Attack! Have You Heard of RansomWare – Wannacrypt?

RansomwareWhat is ransomware? Malicious software that locks a device, such as a computer, tablet or smartphone and then demands a ransom to unlock it.

How can you protect yourself? Anti-virus software can protect your machine, although cybercriminals are constantly working on new ways to override such protection.
Updating the OS will take care of most vulnerabilities. Do not click on questionable links or open suspicious attachments as this can save headaches. This helps limit the spread of ransomware if hackers do get into your system.

How does it work?

  1. The malicious Ransomeware software is normally contained within an attachment to an email that masquerades as something innocent. Once opened it encrypts the hard drive, making it impossible to access or retrieve anything stored on there – such as photographs, documents or music
  2. Ransomware is a kind of cyber attack that involves hackers taking control of a computer system and blocking access to it until a ransom is paid.
  3. It enters a computer when a user mistakingly clicks or downloads a malicious file
  4. It can also spread via a worm, embedding itself within a network, this is instead of relying on humans to spread by clicking
  5.  Experts warn that there is no guaranteed access given after payment

It is interesting to note that Microsoft have already taken measures to save the world from this menace. You can visit Microsoft blog post about this attack – Click here to view.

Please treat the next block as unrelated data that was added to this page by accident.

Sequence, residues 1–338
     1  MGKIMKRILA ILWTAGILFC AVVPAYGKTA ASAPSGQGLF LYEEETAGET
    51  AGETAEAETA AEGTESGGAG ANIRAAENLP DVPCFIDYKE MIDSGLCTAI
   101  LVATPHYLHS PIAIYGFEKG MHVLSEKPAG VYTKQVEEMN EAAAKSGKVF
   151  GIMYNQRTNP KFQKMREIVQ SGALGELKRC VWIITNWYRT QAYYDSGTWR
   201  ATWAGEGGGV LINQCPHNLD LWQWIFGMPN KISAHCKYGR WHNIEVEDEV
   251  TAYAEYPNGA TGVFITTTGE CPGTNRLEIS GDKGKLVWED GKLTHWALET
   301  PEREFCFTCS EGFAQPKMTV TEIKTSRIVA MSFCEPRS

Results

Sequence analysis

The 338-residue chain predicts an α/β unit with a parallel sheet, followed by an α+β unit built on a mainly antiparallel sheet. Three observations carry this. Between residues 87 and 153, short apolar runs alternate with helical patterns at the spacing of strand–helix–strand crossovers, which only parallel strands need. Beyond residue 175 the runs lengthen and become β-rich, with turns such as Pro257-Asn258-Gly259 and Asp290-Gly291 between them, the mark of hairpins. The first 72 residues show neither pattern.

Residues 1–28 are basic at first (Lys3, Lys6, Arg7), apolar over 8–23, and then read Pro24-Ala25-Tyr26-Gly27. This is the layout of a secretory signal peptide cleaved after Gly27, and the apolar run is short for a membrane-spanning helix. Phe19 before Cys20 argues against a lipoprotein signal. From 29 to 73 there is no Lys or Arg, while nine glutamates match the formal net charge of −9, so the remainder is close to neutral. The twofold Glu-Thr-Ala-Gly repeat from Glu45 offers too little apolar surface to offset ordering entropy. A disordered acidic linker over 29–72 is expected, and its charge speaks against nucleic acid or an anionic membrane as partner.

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Now You Can Be Tracked By Websites you visit via Your Device Battery Status

battery-iconsIn one of the newest development in the IT Industry, Website owners keen on tracking internet users have yet another means of doing so by simply requesting for it from the browser. This is courtesy of a feature the W3C added to HTML5 that lets a website interrogate the state of a visitor’s battery.
According to the research paper by International Association for Cryptologic Research, “all the information exposed by the Battery Status API is available without users’ permission or awareness.” The original rationale behind the spec was that if a server could access a user’s battery state, it could send out a lighter and less resource demanding version of a page for someone with low battery remaining, and heavier versions for people with full battery life. “Although the potential privacy problems … were discussed by Mozilla and Tor Browser developers as early as 2012 [when the API was introduced], neither the API nor the Firefox implementation has undergone a major revision,” the paper states.

Battery properties available to websites include the level, chargingTime, and dischargingTime by calling the navigator.getBattery() method in JavaScript. “When consecutive visits are made within a short interval, the website can link users’ new and old identities by exploiting battery level and charge/discharge times. The website can then reinstantiate users’ cookies and other client side identifiers, a method known as respawning,” the paper claims.
“Note that, although this method of exploiting battery data as a linking identifier would only work for short time intervals, it may be used against power users who can not only clear their cookies but can go to great lengths to clear their evercookies.” The API is only implemented in Firefox, Chrome, and Opera at the moment.

Safety tips against Computer hackers

Let me start by telling you a story… One day I received a Facebook message from one of my Facebook friends. The message reads: “Please I got a contract to supply 30 Computers to one company and I need N600,000 to add up to buy the computers so I can supply to this company. Please assist me with the amount, I will pay back in a week’s time with an interest of 15%”.